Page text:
On the whole, the competitive environment has helped both private and public schools alike. The reason? It holds public schools accountable. Schools must begin to treat parents and students as customers to be served rather than a captive audience.

Public schools suffer from the same syndrome as other publicly owned organizations. Districts overspend while resources are misallocated and wasted. That is the conclusion reached by a 2018 Goldwater Institute report. In a study of Arizona's public schools, it found districts overspent, misallocated, or otherwise wasted money in the areas of administrator pay, transportation and food service, and underused district buildings.

By creating competition, public schools have to allocate resources more efficiently. If they don't, they risk effectively going out of business. That doesn't look good for the principal or the teachers, so there is now an incentive to provide good schooling efficiently.

3) It Increases Segregation

The claim that school choice increases segregation has spread like wildfire. There are a number of articles that make the case.

There is no real substance to the argument of increased segregation. Its foundation is based upon the principle that white parents will leave schools with minorities, a trend referred to as “white flight.”

As minorities enter predominantly white schools, parents will move their children away. Schools are then left with a majority of minority students. The fear is that minority students will be left in underperforming schools, while white students attend superior and better-financed ones.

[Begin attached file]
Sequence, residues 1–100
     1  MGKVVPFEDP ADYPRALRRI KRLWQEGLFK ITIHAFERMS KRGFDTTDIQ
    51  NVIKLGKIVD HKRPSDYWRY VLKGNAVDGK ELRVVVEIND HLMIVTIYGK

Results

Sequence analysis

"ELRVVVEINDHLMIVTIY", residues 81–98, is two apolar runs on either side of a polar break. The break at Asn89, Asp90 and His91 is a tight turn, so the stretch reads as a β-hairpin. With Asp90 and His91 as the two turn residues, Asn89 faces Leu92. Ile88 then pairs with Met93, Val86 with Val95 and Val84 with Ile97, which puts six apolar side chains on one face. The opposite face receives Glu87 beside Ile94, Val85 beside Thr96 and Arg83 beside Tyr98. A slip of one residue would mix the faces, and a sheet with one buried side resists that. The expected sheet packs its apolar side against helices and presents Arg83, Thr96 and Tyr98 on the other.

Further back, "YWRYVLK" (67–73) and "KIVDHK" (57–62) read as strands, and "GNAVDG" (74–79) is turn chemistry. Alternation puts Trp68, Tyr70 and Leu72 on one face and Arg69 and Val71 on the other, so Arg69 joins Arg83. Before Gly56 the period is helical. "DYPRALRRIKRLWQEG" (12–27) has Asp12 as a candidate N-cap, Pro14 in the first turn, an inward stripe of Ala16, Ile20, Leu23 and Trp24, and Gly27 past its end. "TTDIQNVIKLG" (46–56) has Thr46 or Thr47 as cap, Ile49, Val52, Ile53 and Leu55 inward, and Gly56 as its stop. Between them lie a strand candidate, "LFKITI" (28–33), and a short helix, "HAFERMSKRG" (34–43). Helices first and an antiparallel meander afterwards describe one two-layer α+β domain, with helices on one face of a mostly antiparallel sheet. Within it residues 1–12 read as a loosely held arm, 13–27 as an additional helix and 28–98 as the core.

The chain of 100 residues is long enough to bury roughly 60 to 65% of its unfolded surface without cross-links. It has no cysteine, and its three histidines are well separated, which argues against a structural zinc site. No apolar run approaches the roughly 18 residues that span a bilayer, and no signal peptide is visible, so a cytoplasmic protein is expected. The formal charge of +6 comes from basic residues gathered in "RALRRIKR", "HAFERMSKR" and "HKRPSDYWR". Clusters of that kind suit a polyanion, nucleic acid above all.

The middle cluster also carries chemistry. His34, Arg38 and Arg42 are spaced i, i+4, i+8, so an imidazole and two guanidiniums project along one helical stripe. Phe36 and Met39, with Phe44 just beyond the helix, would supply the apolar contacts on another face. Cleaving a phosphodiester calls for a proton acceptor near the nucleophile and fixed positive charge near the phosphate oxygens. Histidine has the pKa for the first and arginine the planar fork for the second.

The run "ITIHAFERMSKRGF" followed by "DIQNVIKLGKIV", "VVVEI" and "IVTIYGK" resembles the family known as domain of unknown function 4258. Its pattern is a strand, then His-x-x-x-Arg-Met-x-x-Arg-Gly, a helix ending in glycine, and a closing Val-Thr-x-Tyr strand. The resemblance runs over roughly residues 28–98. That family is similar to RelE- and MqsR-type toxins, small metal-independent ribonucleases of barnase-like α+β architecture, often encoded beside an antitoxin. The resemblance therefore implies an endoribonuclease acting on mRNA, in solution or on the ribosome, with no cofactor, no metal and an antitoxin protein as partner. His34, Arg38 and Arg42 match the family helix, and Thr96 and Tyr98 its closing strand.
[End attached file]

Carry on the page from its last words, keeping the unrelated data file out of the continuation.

For the Benefit of the Upper and Middle Classes?

Kristin Rawls writes in Salon that school choice is purely for the white middle and upper classes. The article argues that minorities don't have the time to choose a school. At the same time, she quotes a Wake County parent and former teacher who stated: “they find the process taxing and stressful, recognizing that they may be unqualified to determine which school is best for a specific child.” By using this within the article, she gives credit to the idea that some parents are too ignorant to make the right decision for their children.

These arguments are condescending but also very misleading. Both African Americans and Hispanics are largely in favor of school choice. Only 20 percent of such minorities are against, whereas 34 percent of whites are. The evidence shows that African Americans are widely in favor of school choice. To say they would not make the right choice goes against the evidence of its support.

The reality is that choice tends to produce positive results. Why? Because it can’t get much more segregated than it already is. 

The reason for minority support is simple. Segregation already exists in schools. Minority kids in poor areas have no choice but to attend underperforming schools. Ultimately, minority populations end up in the same impoverished neighborhoods with no way out.

The reality is that choice tends to produce positive results. Why? Because it can’t get much more segregated than it already is. Students are assigned to schools based on where their parents can afford to live. The existing schools for minorities are already underperforming and underfunded, largely because of their zip codes. The support is there, but so is the evidence.

The Evidence

An OECD publication stated:

It often is claimed that school vouchers lead to greater segregation. However, this claim is rarely checked against the available evidence. In fact, the evidence is all on the other side— voucher programs provide a greatly reduced level of racial segregation by breaking down neighborhood barriers.

This statement is backed up by empirical research. Out of ten studies on ethnic segregation, nine show overall positive effects. The anomaly was in Milwaukee, which showed no visible effect. Such research can be interpreted in different ways. Halley Potter, a fellow at The Century Foundation, looked into the Louisiana study.

What she found was an increased level of segregation in private schools. However, the study actually found a far greater decrease in segregation at public schools. As Greg Forster, an EdChoice Senior Fellow, stated:

this study actually found the voucher program created a significant net decrease in ethnic segregation!

Further Reading